30 Nov 2009

30 11 2009

Do you ever wonder if you are making a difference in God’s kingdom?  I have pondered that many times, and then God reminds me I am doing what He called me to and not to always be looking for end results.

Teaching high school is very tough.  Have I mentioned that a few times already?   There is such an interesting blend of students here.  The different cultures interacting with each other (English, Arab, Korean), the missionary kids, and then some wealthy (and sometimes spoiled) Nigerian kids.  They are the hardest to understand, having been served and having every need met throughout their lives.  Sometimes I wonder if it would be easier and more rewarding to serve the poor who may be more appreciative.

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Pix 30 Nov 2009

30 11 2009

 





Tiv Dancers

22 11 2009




21 Nov 2009

21 11 2009

Delays are a normal part of Nigerian life and culture…”go slows” (traffic jams getting around in the city, driving in monsoon-like rain (all but impossible!), wading through government processes of any sort at all levels (I am still waiting for my permanent Nigerian driver license, a process started in May!)…the list is ongoing and seemingly endless.

For the past 4+ months the teachers at primary and secondary schools in Plateau State and the lecturers at universities in all of Nigeria have been on strike. The universities are now finally back in session, but the primary and secondary schools are still not all in session. Private Nigerian schools (primary, secondary, and trade/academic colleges) are an option, but even though the cost for those schools are much less than tuition expenses for private schools in the United States, is it still more than many Nigerians can afford. As I have been reading the news, and listened to the growing frustration of parents of younger children in primary and secondary schools, and university students wanting to begin, continue and/or finish their college education, I am also struck by the impact these strikes have had on Nigerian society. Immediate impacts have been felt through the large number of young people without jobs, stuck in the midst of their education, waiting around, and losing hope in their future.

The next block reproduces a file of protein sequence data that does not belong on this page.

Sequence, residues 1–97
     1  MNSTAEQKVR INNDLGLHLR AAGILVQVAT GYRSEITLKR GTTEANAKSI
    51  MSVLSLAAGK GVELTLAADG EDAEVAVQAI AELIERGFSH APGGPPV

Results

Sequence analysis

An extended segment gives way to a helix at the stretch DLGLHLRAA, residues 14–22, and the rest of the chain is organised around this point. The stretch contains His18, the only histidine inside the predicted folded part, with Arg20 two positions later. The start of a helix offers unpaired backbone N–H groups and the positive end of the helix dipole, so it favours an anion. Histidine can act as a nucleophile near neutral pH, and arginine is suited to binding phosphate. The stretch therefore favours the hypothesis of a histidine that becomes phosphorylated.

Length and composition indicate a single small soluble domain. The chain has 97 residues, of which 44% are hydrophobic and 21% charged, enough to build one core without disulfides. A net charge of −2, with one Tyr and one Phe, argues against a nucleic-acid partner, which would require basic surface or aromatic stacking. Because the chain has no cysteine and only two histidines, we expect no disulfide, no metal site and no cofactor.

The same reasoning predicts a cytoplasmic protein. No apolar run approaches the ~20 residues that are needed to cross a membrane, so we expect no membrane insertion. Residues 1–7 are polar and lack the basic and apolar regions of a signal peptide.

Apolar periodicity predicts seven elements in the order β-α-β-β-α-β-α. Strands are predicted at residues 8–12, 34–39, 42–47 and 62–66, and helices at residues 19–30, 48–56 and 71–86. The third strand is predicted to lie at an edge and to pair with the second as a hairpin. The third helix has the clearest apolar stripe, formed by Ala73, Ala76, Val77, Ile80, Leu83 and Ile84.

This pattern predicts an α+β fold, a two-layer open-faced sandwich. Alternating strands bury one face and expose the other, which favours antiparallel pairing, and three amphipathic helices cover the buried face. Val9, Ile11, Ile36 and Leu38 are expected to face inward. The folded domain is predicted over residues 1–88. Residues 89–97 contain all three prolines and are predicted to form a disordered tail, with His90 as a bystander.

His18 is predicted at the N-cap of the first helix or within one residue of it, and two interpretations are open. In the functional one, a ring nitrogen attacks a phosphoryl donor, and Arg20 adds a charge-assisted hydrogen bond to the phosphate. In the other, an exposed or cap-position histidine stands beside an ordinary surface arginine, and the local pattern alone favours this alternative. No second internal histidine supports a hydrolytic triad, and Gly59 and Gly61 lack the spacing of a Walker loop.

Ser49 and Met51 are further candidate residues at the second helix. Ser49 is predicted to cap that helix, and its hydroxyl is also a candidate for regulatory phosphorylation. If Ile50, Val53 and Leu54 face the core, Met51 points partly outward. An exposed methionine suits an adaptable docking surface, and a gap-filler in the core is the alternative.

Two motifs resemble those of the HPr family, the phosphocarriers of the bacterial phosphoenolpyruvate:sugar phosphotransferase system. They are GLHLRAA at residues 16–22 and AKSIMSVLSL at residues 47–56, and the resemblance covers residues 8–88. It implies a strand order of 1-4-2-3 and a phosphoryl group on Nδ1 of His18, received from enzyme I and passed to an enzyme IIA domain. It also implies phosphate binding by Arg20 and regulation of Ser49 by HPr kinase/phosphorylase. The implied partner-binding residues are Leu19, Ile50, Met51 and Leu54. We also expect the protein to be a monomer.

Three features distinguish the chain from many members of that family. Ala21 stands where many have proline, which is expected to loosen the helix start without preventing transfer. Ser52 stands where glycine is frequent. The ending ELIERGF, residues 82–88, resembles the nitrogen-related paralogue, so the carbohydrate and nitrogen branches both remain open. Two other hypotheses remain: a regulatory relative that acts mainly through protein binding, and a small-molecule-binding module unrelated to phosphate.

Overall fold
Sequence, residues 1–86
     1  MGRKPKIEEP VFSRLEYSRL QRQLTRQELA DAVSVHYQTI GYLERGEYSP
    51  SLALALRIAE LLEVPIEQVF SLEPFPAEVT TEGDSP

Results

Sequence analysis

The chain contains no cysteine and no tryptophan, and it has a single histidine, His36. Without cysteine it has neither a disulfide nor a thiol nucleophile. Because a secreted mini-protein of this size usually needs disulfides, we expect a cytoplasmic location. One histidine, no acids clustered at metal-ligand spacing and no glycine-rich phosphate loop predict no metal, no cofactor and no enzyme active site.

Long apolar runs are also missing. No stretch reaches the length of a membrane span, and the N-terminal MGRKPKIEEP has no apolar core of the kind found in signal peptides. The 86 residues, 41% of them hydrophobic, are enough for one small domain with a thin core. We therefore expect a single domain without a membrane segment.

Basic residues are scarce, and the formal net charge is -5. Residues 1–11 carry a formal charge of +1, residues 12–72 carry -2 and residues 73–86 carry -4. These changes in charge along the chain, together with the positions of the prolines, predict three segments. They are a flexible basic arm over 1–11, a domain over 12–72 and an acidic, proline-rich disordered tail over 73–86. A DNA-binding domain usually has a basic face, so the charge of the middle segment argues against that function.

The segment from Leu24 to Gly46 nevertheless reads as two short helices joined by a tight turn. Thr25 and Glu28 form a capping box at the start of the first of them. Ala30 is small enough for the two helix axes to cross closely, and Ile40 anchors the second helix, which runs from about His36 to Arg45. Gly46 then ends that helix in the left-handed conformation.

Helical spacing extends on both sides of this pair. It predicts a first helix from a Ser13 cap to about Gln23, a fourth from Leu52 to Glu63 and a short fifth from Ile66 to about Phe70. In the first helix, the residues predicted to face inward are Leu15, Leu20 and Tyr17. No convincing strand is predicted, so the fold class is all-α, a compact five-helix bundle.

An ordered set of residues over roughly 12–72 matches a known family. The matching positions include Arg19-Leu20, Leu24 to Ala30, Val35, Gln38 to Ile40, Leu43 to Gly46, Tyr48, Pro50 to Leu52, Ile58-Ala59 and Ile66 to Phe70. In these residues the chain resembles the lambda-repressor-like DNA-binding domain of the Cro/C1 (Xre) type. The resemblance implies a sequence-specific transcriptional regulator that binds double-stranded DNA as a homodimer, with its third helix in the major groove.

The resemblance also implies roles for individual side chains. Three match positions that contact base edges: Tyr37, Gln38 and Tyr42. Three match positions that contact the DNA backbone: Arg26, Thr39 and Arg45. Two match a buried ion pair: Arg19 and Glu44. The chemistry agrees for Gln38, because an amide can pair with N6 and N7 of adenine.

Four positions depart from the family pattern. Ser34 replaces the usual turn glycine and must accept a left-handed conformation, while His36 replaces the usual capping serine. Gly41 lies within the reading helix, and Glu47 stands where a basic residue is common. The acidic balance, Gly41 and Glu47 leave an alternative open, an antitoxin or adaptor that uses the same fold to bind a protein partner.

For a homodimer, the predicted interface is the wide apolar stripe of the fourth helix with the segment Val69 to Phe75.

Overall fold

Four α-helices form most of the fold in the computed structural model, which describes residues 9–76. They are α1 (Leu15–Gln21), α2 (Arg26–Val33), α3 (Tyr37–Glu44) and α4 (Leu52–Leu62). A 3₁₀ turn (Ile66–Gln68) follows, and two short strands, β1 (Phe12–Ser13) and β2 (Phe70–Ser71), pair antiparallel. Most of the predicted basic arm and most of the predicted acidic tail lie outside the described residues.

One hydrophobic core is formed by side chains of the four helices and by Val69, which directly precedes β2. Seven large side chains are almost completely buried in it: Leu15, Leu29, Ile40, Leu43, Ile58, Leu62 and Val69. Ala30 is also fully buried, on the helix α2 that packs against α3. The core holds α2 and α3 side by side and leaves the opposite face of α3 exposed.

The past few weeks have been filled with all sorts of school-related activities, along with adjusting to life (and less sleep) with our new puppy (Echo), and the change to dry season, and the sneezing, coughing, and runny noses caused by harmattan (the dust that blows in from the Sahara desert 500+ miles away)!

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1 Nov 2009

1 11 2009
2nd graders

Grade 2 Multicultural Day

It’s been awhile since we have posted a blog…it’s been a bit busy for all of us keeping up with school days and activities!

The end of this week was filled with several social and cultural events, along with adjusting to life (and getting less sleep) with our new German Shepherd (we think!) puppy, Echo.

The Elementary school had their yearly Multicultural Day where the kids dressed up in traditional clothing or anything representing their home country.  Cypress dressed as Junie B Jones and Isabell as Dorothy from ‘The Wizard of Oz’. The kids had a “parade of nations” through the chapel, then performed songs and skits for each other. Following the chapel time, there was a performance by Nigerian Tiv dancers accompanied by drums and flute out on the basketball courts. There was also huge potluck lunch for all the kids and parents with foods from all the different represented countries.

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